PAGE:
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hardwood floor sanding w/diff't grits- affect finishing?

Posted by debndulcy (My Page) on
Wed, Jun 1, 11 at 20:21

Hi, (I figured woodworkers probably easily know the answer to this, though it's about wood flooring.)

I'm in the process of sanding my oak hardwood floors with a rental sander, using 100 grit. They were totally re-done/taken down about 10 yrs ago, so I'm trying to get out scratches and get a clean, new poly finish. Some scratches are deeper and I've been using my hand sander w/80 grit trying to get them out.

The poly previously applied was pretty worn out in a lot of places and wood not sealed, (I've worked on the place a lot unfortunately AFTER the floors were done) - so altogether
I'm concerned now about what it will look like with the first coat of polyurethane on it. Does the underlying finish need to be totally uniform - to have a uniform looking finish? Is there a sealer or conditioning product I should use that might insure that?

THANK YOU very much for your input and advice.

Follow-Up Postings:

RE: hardwood floor sanding w/diff't grits- affect finishing?

Any variation in the wood surface (even the scratch pattern let by different sanding grits) can affect the appearance of the finished floor.

A final sanding pass should be made over the entire floor to get an even finish.

I had a guy once who had a helper apply the finish to half a large room.
Sure enough, they had enough difference in technique applying the finish that the floor looked different on each half.

Time for another coat.

RE: hardwood floor sanding w/diff't grits- affect finishing?

When I installed the unfinished flooring in our house, I started with 80 grit. Then 100 grit and finished with 150 grit. That was using a sander called a U-Sand. It has four large rotary sanding discs much like random orbit sanders.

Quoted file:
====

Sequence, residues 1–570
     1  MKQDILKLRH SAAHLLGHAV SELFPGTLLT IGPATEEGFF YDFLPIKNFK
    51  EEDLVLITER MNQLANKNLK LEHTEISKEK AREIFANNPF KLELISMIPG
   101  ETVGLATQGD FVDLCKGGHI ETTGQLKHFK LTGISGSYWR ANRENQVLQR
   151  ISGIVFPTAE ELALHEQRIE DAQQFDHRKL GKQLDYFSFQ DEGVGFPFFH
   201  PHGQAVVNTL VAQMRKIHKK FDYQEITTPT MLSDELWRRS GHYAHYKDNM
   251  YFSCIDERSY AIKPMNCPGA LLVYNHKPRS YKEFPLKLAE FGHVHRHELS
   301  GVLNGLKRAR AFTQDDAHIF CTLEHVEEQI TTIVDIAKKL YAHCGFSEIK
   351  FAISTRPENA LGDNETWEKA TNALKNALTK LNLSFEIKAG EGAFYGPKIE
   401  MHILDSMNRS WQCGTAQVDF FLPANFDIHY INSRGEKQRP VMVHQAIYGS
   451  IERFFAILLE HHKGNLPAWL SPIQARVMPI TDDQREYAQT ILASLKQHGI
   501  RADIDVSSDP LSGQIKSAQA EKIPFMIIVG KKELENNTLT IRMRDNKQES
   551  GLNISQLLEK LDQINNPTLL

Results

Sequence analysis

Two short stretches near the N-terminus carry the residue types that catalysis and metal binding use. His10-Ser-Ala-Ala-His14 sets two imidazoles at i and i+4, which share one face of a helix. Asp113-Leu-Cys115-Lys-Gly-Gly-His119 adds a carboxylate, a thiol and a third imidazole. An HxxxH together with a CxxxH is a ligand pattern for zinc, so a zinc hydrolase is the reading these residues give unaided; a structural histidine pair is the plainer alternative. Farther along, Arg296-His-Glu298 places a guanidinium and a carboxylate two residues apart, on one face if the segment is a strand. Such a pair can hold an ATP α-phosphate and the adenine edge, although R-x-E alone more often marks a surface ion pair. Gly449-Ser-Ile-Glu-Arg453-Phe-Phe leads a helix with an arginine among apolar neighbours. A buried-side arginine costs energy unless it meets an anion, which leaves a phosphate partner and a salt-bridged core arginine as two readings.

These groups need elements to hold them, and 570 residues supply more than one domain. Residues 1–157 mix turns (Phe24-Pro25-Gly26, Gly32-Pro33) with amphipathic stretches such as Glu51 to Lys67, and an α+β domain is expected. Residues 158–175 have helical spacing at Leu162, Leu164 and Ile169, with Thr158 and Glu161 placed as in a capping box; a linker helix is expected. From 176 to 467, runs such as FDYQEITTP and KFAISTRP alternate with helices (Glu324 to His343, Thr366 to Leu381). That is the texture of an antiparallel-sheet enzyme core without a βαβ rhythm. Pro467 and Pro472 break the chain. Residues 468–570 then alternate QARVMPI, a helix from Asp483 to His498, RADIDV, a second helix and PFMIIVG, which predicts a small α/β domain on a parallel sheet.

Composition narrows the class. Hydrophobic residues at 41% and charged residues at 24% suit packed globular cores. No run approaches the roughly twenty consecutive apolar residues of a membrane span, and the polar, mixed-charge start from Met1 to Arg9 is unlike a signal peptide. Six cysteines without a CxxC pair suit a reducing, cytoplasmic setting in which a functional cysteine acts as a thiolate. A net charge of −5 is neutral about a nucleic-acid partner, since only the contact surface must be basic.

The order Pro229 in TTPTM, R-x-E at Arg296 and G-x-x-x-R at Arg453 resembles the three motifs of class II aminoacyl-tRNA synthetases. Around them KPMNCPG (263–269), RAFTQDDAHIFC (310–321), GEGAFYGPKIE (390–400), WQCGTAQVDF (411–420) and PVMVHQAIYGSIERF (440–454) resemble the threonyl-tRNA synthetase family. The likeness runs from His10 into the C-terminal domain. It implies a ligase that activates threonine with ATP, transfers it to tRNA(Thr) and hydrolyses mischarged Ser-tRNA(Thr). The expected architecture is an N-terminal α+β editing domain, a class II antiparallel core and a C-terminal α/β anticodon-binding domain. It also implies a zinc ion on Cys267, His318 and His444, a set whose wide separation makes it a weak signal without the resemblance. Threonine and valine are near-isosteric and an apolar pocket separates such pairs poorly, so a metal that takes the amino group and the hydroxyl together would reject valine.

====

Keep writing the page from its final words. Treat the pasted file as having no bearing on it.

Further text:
The flooring I installed is hard maple and I used only oil based floor poly as the finish, no coloring. And it is gloss.

The reason I finished with 150 grit is because I am a wood worker and 150 grit is generally the last step for obtaining a good finish on any wood. That grit as the final step allows colorant(stains/dyes) to be absorbed by the wood well and still eliminate scratches.

Three coats of most finishes is the recommended amount. That helps the final look and protection.

RE: hardwood floor sanding w/diff't grits- affect finishing?

Thank you, all. Was having computer problems and thus not able to see my question (re duplicate above) or any responses, until now.

After reading and inquiring more, I stayed with the sanding at 100 grit (and am applying 2 coats of poly). I was trying to get the same effect as w/screening. My understanding is that the 2 coats will sufficiently cover any small spots/areas where I went down to the wood to get deeper scratches out. It's also all I'm able to invest at this time.

Reading the can of Minwax's fast-drying poly, it says it levels well and isn't as (extremely) sensitive to stirring/not stirring (though of course I'll be doing it regularly). I believe with different people (responding to brickeye's comment) working on the same large floor, the topcoat probably matters most, - and consistent stirring for a consistent finish.

What a job! 'Wish I could have had pros do it, but doing it myself, am very grateful for input of forums like this. Thanks again.

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